This column first appeared in The Conversation:
In mid-July 2019, Oakland, California, became the third U.S. city to ban municipal departments from using facial recognition technology. Meanwhile, Congress began hearings on whether and how to regulate it on a national level. In a surprising moment of bipartisan consensus, the only thing lawmakers fought about was how extensive restrictions ought to be.
This response to a powerful, potentially invasive technology is a sign of how the public and policymakers might respond to future technological developments – especially those using artificial intelligence. Not only does facial recognition allow Facebook to automate people-tagging in photos, but it also supercharges law enforcement’s ability to track down crime suspects. Ethical questions abound. And it’s just the beginning.
On the horizon is a flood of digital innovations that could be at least as powerful, wide-ranging and controversial: “deepfake” videos showing people doing things they never did, the “internet of things” constantly monitoring private homes, manipulative virtual reality, self-driving cars overwhelming communities and more.
I’m a researcher studying digital technology’s societal impacts. With more and more innovation, there is less and less time to reflect on the consequences. Many of my colleagues feel the same.
To tame this onrushing tide, society needs dams and dikes. Just as has begun to happen with facial recognition, it’s time to consider legal bans and moratoriums on other emerging technologies. These need not be permanent or absolute, but innovation is not an unmitigated good. The more powerful a technology is, the more care it requires to operate safely.
There’s not a pressing need for most new digital technologies. Some innovations, of course, are almost completely positive: anesthesia, electric light, radio, vaccines. But today’s society often celebrates innovation for its own sake, even when the benefits are questionable – and more and more, the benefits are indeed questionable.
Is it really worth a crowded, buzzing sky filled with drones to get one-hour delivery of consumer goods, instead of delivery in 24 hours, or even two days? Is virtual reality so great that children should, effectively, grow up with their eyes glued to video screens? When governments can conduct hard-to-trace assassinations by drone, is anyone truly safe? Scanning lists of possible future technologies can incite more fear than hope.
These types of innovations repeatedly fail to provide overall improvements in truly meaningful ways, like how deeply people love each other, how compassionately people care, how well society supports the less privileged, or how wisely humans steward the planet. If anything, technology appears to amplify humans’ moral weaknesses by coddling people with consumer comforts and echo chambers. The last half-century has seen a golden age of digital innovation, yet rates of poverty have stagnated, inequality has soared and sustainability seems farther out of reach.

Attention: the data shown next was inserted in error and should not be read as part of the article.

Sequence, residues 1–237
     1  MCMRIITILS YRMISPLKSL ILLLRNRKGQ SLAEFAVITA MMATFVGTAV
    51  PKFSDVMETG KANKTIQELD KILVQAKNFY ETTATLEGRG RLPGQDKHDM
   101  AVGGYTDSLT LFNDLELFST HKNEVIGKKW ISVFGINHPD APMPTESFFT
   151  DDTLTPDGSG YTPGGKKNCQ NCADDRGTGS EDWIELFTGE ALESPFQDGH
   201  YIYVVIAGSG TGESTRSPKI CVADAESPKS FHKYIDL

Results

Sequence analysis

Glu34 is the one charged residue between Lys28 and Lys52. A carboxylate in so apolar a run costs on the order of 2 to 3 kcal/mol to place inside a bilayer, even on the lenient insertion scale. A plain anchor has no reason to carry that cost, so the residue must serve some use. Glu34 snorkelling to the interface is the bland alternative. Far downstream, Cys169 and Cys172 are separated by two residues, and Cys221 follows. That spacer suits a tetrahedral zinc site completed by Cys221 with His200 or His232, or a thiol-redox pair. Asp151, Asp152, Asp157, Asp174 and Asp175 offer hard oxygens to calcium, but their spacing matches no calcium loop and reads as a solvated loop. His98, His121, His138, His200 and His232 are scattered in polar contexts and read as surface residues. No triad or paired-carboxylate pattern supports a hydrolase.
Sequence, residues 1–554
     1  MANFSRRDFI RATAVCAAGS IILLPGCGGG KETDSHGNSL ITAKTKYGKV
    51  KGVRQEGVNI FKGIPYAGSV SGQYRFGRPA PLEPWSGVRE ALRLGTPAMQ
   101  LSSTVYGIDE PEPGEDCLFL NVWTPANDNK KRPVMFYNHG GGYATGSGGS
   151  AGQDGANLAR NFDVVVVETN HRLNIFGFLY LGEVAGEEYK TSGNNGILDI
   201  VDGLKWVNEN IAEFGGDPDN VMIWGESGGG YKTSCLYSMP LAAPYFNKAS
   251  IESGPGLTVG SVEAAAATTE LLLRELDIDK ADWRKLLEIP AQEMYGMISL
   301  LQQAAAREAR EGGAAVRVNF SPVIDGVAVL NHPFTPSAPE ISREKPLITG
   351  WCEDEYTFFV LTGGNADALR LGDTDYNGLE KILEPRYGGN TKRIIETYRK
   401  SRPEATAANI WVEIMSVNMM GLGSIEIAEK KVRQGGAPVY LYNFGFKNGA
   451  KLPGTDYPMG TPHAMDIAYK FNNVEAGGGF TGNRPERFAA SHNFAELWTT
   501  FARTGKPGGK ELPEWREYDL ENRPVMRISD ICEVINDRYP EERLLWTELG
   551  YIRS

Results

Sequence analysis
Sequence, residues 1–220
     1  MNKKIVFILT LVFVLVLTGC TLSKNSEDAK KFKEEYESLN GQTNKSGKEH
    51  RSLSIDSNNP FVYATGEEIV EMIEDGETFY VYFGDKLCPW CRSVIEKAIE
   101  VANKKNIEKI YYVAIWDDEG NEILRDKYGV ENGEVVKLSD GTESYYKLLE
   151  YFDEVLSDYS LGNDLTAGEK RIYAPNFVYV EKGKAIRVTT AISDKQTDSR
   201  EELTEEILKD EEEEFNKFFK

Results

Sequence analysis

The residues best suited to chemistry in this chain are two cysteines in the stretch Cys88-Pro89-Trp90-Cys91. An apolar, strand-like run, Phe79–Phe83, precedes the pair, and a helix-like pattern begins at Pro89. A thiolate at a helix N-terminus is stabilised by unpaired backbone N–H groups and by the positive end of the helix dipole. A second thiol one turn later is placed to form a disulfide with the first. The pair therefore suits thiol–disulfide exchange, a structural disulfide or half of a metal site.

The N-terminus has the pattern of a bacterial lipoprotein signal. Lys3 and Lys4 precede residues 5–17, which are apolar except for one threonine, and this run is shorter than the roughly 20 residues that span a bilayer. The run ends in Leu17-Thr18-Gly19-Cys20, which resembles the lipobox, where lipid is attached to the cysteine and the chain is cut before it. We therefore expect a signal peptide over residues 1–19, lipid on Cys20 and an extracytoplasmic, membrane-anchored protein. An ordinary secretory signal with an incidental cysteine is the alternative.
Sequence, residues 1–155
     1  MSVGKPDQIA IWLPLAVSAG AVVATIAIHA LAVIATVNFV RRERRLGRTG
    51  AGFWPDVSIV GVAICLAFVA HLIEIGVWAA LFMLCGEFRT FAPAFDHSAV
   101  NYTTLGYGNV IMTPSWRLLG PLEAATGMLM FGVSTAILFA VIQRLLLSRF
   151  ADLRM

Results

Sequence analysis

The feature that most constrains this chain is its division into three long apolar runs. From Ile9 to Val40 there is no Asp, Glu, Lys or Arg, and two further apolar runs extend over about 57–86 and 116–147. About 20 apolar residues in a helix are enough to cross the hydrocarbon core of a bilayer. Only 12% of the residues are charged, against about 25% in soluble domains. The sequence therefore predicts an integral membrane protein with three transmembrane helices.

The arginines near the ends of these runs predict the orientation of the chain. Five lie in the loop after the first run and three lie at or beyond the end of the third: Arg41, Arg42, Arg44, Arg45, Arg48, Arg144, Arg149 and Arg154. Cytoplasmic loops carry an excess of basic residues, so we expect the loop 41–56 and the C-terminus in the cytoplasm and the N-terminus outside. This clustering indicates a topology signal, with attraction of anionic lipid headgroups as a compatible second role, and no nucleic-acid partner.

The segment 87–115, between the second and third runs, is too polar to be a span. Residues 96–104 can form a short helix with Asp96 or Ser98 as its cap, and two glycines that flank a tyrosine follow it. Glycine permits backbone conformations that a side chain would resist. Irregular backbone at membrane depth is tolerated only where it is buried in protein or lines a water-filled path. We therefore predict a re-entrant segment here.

Most of the technological advances in the works today won’t address those problems; they’ll tackle smaller annoyances that there’s simply no rush to relieve.
New technologies always have unintended consequences – often negative – and innovators always underestimate how bad they’ll be. Pesticides have caused public health scourges. Plastic bottles have polluted the oceans. Smartphones are contributing to a teenage mental health crisis.
Consider what an AI system might do if directed to do something obvious – like maximize profits, using all the information and tools at its disposal. It might hold embarrassing personal information for ransom to coerce users to purchase goods, or extort criminal actions from people with darker secrets.
Nothing has yet stopped online stores’ algorithms from lying to increase sales, nor curbed Facebook’s actual ability to manipulate users’ moods. Tech companies routinely treat their customers as experimental guinea pigs, and are already applying artificial intelligence systems for a range of purposes.
If these are just the known effects of tech companies; efforts and innovations, imagine what unintended consequences might lurk. Once unleashed, digital technologies are particularly difficult genies to put back in the bottle. In this respect, they differ from other advanced technologies. Digital technologies are easy to share, making them even harder to control. Advanced hacking tools have been stolen and shared online: Techniques developed by the U.S. National Security Agency have been used in global cyberattacks by China, Russia and North Korea. Their software is now available to anyone with an internet connection.
Technology companies pushing their advances have money, influence and time on their side. The millions of lobbying dollars they spend are pocket change when compared to their multi-billion-dollar profits, and they can keep the funding going indefinitely, waiting out news cycles and activist energy.
In my view, uncertainty about how new technologies will affect society overall means that skeptical forces deserve more support. Bans and moratoriums would mean that rich, powerful entities would have to seek legal and societal permission before unleashing their potential monsters onto the market. That doesn’t seem like too much to ask.
There are many reasons to continue to build new technologies – to remain globally competitive, to advance human knowledge and to prepare for potential future crises. Technology has its benefits. But slowing the pace of its advance would give society more time to think through the consequences and debate which aspects of new technologies are desirable, and which should be outlawed.